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antimicrobial resistance citizen science clinical microbiology publication research tuberculosis

New publication: BashTheBug works!

Yesterday eLife published the first paper from our citizen science project, BashTheBug, which was launched in April 2017 on the Zooniverse platform. (Update on 19 July 2022: the final formatted version of the paper has been posted on eLife).

Through BashTheBug we asked for volunteers to classify images of M. tuberculosis growing on a range of concentrations of 13 different antibiotics. The images were derived from photographs of 96-well plates taken after two weeks incubation by the CRyPTIC tuberculosis project. Each image is shown up to 17 times to different volunteers so we can obtain a consensus.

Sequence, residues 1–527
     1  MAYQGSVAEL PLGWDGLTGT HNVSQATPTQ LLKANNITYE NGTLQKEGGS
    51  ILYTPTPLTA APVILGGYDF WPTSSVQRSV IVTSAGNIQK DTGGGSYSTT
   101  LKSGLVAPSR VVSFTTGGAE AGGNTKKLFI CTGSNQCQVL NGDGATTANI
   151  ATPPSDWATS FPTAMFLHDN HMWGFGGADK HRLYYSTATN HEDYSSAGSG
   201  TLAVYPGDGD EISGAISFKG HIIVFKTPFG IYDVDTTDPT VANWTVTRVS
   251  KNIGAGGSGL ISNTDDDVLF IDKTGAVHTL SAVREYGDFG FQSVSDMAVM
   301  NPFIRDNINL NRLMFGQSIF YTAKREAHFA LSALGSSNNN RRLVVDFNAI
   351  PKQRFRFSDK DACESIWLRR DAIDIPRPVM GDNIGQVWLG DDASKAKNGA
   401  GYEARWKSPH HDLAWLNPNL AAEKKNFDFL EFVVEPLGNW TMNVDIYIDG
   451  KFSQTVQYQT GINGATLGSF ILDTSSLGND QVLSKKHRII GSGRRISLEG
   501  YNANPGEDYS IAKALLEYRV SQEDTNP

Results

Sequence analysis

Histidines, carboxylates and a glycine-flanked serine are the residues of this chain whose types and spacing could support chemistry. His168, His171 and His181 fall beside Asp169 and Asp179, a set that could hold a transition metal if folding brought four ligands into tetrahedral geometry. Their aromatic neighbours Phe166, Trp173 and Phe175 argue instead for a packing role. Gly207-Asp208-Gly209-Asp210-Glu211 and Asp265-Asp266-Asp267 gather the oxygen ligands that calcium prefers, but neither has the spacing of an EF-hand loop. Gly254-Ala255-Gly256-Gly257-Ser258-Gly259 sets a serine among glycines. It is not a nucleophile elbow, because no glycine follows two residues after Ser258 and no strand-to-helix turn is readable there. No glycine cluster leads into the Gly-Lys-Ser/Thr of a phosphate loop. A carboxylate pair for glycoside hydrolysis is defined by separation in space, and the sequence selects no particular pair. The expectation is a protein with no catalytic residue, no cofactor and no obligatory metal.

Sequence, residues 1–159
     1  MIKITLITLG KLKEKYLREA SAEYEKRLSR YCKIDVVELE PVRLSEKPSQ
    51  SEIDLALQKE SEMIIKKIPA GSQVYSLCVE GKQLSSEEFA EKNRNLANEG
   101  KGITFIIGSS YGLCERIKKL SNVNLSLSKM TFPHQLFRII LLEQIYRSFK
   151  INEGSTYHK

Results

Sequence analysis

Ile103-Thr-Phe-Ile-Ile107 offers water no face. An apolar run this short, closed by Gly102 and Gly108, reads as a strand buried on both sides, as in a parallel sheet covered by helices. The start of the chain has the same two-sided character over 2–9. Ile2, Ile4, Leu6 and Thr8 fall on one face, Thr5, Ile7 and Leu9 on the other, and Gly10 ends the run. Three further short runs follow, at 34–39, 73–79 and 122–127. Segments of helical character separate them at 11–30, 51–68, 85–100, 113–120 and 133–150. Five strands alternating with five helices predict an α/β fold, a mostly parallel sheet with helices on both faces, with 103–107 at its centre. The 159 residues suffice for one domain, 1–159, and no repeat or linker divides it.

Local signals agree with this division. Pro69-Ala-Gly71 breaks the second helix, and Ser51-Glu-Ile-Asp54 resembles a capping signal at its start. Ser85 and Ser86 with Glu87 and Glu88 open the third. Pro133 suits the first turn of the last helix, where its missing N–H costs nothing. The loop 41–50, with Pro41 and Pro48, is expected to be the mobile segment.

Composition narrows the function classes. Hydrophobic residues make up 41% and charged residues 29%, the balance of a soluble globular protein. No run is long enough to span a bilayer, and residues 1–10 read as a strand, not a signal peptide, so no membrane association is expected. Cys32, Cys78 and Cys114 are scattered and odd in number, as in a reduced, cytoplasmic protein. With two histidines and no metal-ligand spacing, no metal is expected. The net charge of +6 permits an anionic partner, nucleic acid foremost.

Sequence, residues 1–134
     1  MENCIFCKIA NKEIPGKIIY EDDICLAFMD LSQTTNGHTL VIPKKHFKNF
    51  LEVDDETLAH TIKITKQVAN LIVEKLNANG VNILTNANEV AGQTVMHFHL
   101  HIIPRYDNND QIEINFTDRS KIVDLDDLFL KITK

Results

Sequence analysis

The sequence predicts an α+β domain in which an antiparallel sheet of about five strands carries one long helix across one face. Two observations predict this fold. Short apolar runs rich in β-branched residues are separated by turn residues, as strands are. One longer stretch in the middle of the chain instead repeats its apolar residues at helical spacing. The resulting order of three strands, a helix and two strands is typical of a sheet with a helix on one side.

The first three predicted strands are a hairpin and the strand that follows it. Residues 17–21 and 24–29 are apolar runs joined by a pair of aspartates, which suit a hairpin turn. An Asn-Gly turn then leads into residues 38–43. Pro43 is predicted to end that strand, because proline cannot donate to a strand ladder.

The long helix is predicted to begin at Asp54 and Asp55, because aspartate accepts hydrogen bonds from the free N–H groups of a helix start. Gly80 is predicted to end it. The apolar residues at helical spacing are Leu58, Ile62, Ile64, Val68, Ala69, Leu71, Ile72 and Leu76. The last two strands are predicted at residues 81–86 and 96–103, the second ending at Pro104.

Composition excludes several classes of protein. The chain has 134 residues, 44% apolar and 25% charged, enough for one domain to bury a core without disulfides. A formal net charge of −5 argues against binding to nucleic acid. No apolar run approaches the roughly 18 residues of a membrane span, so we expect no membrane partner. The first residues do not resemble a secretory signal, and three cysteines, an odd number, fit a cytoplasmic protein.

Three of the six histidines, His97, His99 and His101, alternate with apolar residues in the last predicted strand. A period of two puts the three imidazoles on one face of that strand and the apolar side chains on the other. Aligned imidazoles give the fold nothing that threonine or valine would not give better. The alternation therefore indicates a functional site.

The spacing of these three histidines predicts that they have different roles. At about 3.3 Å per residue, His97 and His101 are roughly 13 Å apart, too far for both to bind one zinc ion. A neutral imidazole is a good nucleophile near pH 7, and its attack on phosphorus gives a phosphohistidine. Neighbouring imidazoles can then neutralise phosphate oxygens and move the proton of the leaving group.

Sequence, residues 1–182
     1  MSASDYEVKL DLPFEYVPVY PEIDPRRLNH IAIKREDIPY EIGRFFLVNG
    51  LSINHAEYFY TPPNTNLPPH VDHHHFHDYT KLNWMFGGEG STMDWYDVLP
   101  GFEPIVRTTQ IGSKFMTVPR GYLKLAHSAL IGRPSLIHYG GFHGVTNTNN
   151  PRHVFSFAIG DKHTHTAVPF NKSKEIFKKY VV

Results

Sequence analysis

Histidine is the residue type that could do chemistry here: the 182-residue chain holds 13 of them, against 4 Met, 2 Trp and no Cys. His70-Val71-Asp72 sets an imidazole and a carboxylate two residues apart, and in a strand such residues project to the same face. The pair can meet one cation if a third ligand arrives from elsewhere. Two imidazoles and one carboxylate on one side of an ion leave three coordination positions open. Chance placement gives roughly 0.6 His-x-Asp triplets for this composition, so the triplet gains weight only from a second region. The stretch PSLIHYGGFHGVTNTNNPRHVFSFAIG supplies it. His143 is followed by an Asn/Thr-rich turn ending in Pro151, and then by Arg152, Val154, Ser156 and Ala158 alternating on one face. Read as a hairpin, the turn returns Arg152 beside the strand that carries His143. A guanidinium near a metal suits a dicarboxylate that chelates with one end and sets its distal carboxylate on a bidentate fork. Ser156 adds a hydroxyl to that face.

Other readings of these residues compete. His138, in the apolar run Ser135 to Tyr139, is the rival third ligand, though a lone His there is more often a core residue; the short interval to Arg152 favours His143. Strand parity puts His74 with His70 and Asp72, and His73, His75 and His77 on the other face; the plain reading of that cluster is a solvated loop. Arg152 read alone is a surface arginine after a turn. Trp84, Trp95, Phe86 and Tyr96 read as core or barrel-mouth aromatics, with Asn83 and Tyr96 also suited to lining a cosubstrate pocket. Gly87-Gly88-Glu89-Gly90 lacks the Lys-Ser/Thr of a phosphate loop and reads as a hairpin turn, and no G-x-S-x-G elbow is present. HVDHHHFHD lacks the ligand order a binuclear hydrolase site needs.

In total the volunteers did over 4.7 million classifications, and by examining a subset of images, this paper determines how best to obtain the consensus and how reproducible and accurate the crowd of volunteers are.

Photograph of 96-well plate collected by the CRyPTIC project and the CRyPTIC partner laboratories who contributed images to this study.

By Philip Fowler

Philip W Fowler is a computational biophysicist studying antimicrobial resistance working at the John Radcliffe Hospital in Oxford.

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